Jihad Watch Board Vice President Hugh Fitzgerald suggests that the French, and Europe in general, study a bit of history before they decide how to deal with a panoply of issues, including the Muslim presence in Western Europe and Turkey’s entry into the EU.
The rioting in France may have administered the coup de grace to Turkey”s bid to enter the European Union. One may hope.
It may seem the easier course not to turn Turkey down flat, but to string it along, hoping that something will happen to allow a more graceful way of preventing full Turkish membership. This would be a mistake. It would string along all sorts of secularists, too, in Turkey, and they need to come to grips with their own failure to support the constraints on Islam that one can identify by the name “Kemalism.” It is important that this “war of civilizations” nonsense be nipped in the bud. There is no “war of civilizations” today — just as there was not in 770 A.D., or 840 A.D., or 1453 A.D. For that phrase hides the real truth: the world is not a group of distinct interests — the Christian and post-Christian West, divided into Catholic and Protestant, the Orthodox, Sinic, and Hindu civilizations (all noted by Huntington). No, it is simply the ancient war of Islam against all non-Muslims. If that war has here and there died down, even for centuries, it is only because the forces of Islam lacked an enemy they could defeat. It was not for want of trying — for a thousand years Muslim raiders went up and down the coasts of Europe, and in Africa, for a thousand years, seized black African pagans for enslavement. Its conquest of India was a Muslim Jihad.
Even in the last two centuries, there have been Jihads — not named as such by non-Muslims, but clearly called that, and regarded as that, by Muslims. There was the Emir in West Africa in 1804; Abd el Kader,”l’homme des deux rives” as an exhibit last year in Paris dared to call him, in North Africa, and in West Africa, the Mahdi of Khartoum, and the Last Cavalry Charge at Omdurman, and “Chinese” Gordon, and the Fuzzie-Wuzzies, and “The Four Feathers,” and Kipling’s “We have the Gatling gun, and they have not.” The war against Israel is a classic Jihad, only since 1967 more or less tarted up as a “nationalist” crusade so as to win Western affection (and, not incidentally, to help fool the Israelis themselves, who have been eminently foolable). The war to kill Christians in Indonesia, to persecute the Copts in Egypt, to murder or mass-murder the non-Muslims in the southern Sudan, to murder a million Christians in the Biafran War (1967-1969) are all examples of Jihad.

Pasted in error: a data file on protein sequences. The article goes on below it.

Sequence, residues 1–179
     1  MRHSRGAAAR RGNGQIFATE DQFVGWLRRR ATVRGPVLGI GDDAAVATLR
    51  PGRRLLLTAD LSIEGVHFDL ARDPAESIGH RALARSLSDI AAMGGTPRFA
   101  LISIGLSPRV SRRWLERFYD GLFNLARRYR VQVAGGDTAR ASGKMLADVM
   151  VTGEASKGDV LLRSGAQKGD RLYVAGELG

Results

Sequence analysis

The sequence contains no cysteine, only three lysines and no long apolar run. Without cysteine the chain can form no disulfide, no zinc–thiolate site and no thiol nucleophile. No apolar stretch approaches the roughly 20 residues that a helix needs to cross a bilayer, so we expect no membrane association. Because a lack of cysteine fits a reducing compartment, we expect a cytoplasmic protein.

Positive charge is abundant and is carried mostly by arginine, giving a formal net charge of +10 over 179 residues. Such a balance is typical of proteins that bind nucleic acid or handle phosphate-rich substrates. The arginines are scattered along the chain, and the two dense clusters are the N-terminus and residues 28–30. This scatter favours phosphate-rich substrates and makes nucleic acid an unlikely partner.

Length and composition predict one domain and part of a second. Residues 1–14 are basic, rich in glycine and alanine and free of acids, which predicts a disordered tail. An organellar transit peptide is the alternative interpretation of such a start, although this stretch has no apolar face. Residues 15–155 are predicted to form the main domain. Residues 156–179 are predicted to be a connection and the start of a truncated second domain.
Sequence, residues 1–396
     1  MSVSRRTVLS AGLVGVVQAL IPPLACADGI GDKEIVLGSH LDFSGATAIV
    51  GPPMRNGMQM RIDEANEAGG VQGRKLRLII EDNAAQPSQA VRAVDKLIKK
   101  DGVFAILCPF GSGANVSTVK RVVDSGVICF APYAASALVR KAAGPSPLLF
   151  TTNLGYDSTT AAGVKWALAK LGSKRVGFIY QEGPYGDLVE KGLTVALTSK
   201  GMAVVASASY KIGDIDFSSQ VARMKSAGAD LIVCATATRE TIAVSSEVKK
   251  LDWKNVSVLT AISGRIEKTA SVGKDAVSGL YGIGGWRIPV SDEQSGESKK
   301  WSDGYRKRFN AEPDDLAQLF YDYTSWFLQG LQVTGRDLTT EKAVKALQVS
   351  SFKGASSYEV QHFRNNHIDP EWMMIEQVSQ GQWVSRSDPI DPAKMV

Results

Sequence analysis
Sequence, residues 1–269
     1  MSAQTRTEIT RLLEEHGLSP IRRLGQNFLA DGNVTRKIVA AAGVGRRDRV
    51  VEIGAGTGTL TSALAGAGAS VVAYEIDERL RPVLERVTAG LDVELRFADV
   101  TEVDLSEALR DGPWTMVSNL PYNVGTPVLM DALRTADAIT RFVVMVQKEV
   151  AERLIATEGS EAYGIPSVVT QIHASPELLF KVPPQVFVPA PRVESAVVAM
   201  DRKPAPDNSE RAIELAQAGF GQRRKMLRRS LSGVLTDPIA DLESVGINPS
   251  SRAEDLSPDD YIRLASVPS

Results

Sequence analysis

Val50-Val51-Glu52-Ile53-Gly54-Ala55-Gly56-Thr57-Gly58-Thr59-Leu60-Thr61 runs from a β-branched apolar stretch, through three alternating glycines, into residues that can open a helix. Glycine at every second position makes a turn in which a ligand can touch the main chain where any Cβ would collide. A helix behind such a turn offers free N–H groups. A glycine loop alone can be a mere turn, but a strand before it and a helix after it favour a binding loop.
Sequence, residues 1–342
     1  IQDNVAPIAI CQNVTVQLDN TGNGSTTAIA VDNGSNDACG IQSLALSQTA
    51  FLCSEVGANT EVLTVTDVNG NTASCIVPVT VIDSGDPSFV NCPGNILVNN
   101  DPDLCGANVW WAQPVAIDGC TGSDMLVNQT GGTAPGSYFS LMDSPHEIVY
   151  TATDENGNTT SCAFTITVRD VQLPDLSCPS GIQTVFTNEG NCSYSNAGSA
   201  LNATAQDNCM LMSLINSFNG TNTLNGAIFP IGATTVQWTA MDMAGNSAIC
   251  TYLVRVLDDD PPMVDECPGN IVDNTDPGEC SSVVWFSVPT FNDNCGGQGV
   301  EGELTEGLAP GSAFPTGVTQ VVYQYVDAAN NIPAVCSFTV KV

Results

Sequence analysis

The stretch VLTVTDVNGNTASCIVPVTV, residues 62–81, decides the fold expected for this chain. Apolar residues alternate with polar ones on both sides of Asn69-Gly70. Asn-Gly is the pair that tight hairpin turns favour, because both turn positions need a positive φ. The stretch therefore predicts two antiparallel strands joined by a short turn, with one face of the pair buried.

It was not that Jihad somehow went away. It is just that we, the non-Muslims, failed to recognize what was going on. We failed, and many fail still, to see the ideological roots of Muslim behavior — a behavior that is remarkably similar in time and space in its treatment of non-Muslims. It would be surprising were it otherwise, for the texts, Qur’an and hadith and sira, have remained the same, in time and space. What would surprise would be if Infidels were treated differently, say, in conquered India from the way they were treated in conquered Persia, or Mesopotamia. Everywhere, the choices: immediate death, immediate conversion, or dhimmitude were the only possibilities. And if today the Muslim populations in Western Europe and North America pay lip service to pluralism, it is only in order to take advantage of that pluralism until such time as they feel strong enough to pull off the mask, and deal with Infidels as their belief-system tells them to believe with Infidels. Those who, like Gilles Kepel, appear to believe that some other development, some “new Euro-Islam,” will emerge, should be asked to explain just how. Why was there never an emergence of a “new Islam” over 1400 years, in all of the varied lands that Islam conquered — even in Indonesia? Initially there, because the Islamic conquest was not military but was achieved through Muslim missionaries and traders (also missionaries, as all Muslims must be), it seemed that in the East Indies, something softer, more syncretistic, might emerge. But we see quite the reverse happening: the more established Islam has become, the fiercer it is with non-Muslims. It was only the Dutch rulers who, for a time, and with the advice of such canny officials as the Orientalist Snouck Hurgronje, who managed to tame or constrain Islam — a taming, a constraining, that left with the Dutch, and the effects of their rule have by now worn off. Look at all the Christians killed in East Timor, in the Moluccas, in Ambon.
Learning from history is not a bad idea.